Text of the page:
Does Chemistry Equal Relationship Compatibility?

While sparks are a good sign, they don’t guarantee your compatibility as a couple. Here’s why...

By Judy Mandell

any couples appear outwardly like polar opposites, but their diversity seems to make their relationships work. For example: Stephanie Adams met her husband, Charles, four years ago on On paper, you couldn’t find a more disparate pair.

Stephanie describes Charles as a modest, quiet, country type from the Midwest; he’s a conservative, introverted, Christian, heterosexual, Anglo-featured white male doctor. She, on the other hand, is a New
We feel the same way today as we did on the first day we met — an instant and powerful bond.
Yorker who’s a flamboyant city type; she’s a radical, esoteric, black, bisexual, exotic-featured female author. Stephanie prefers hot weather; Charles likes it cold. He gets up early, while she gets up late. He loves to swim, and she likes to lie in the sun. He is a Cancer; his wife’s a Leo. “We’re literally the sun and the moon — direct opposites, but our existence blends together peacefully as we complement each other and help to build up our strengths as a family,” says Stephanie. “Even though we are quite different, our chemistry enabled us to realize right from the start that we were soul mates. We feel the same way today as we did on the first day we met — an instant and powerful bond.”

Three surefire chemistry signs
Chemistry is a very strong indicator of relationship success, but it’s not the whole enchilada, according to relationship advice expert April Masini, author of Date Out of Your League. “Chemistry is like a strong drug that attracts people to each other, even when they don’t seem like they’d be a good match,” she says. So, what are the signs that you and another person have chemistry? Here are Masini’s top three picks:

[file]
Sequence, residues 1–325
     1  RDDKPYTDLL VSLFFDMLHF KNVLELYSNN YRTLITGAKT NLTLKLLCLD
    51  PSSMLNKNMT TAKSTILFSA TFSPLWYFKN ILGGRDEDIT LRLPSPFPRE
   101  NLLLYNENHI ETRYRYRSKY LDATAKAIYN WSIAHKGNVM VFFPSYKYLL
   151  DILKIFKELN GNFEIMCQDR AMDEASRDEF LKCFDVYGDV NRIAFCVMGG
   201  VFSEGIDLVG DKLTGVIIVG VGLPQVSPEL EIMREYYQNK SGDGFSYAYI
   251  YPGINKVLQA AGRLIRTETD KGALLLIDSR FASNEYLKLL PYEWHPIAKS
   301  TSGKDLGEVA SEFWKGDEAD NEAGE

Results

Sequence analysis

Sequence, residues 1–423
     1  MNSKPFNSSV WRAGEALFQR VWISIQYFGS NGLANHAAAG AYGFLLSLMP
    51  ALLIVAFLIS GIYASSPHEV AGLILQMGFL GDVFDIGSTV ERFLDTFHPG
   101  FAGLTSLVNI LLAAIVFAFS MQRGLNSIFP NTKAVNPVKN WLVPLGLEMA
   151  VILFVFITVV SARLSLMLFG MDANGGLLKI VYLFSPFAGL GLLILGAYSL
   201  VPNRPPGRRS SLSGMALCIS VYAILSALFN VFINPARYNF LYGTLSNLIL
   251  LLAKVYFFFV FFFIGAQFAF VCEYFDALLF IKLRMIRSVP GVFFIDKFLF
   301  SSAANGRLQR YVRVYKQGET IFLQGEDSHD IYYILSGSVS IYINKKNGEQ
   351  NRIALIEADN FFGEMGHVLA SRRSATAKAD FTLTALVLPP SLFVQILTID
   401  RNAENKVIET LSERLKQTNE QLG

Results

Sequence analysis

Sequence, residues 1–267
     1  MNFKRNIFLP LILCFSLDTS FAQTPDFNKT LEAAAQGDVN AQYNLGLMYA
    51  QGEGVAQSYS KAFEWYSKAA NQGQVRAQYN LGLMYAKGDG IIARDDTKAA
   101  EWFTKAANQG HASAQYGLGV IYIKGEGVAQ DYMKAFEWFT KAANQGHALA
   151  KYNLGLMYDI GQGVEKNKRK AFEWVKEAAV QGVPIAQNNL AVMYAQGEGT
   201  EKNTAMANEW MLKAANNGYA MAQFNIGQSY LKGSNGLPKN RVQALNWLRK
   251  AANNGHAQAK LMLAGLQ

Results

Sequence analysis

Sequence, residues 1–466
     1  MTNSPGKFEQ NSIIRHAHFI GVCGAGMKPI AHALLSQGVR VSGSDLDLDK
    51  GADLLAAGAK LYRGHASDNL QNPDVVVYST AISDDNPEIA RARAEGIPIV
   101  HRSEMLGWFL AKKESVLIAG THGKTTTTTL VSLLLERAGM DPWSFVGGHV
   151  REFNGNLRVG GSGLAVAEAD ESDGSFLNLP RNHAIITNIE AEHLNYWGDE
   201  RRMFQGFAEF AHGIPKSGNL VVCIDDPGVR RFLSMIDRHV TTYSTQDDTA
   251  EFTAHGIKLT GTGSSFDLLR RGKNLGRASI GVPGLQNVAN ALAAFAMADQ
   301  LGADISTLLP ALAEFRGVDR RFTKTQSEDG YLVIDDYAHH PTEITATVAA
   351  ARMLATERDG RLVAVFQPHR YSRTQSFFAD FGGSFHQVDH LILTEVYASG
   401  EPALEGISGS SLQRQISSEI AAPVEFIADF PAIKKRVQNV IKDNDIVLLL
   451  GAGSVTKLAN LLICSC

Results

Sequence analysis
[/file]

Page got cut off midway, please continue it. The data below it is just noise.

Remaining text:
1. A smoldering glance that’s actually conveying heat. Your partner gives you that look, and you just melt. When you and another person have chemistry, you can actually feel yourself heat up. In fact, flushing in someone’s presence is a sure sign of chemistry.

2. Feeling butterflies in your stomach. Saying that “you feel butterflies” around someone or that a person “gives you butterflies in your stomach” are a good way to tell if you have chemistry. We’ve all felt it at some point, if we’re lucky — a feeling that isn’t normal, and usually only happens when you’re in the presence of someone with whom you’ve got a strong attraction. It comes on suddenly, because that’s how attraction works. If you feel those telltale butterflies, you’ve got chemistry.

3. Feeling happy when you’re around that particular person. If you feel happy and your problems seem to fade away when you’re in someone’s presence, then you have chemistry. Anyone who makes you lose focus on everything else except the good feeling you have around that person is someone with whom you have chemistry. On the down side, this kind of chemistry can make you careless at work or procrastinate on things that you should be getting accomplished, because all you want to do is be in this particular person’s presence.

Craig Malkin, a clinical psychologist at Harvard Medical School, says that we all need to redefine what we mean by saying we’ve got “chemistry” with another person. “You must have some basic physical attraction for there to be any chemistry at all,” Malkin explains. “But something else also happens with the way people respond to and complement one other, and the way they’ve learned to interact in their relationships. When two individual’s styles fit — i.e., when they create psychological synergy — that’s when you have chemistry.”

Still confused? Ask yourself these six questions...
Malkin says that asking yourself the following questions will help you figure out whether the two of you have chemistry… or not:

1. Do you feel attracted enough to the other person? If you don’t feel even a tiny spark for your date, then you’re probably missing a key ingredient of chemistry.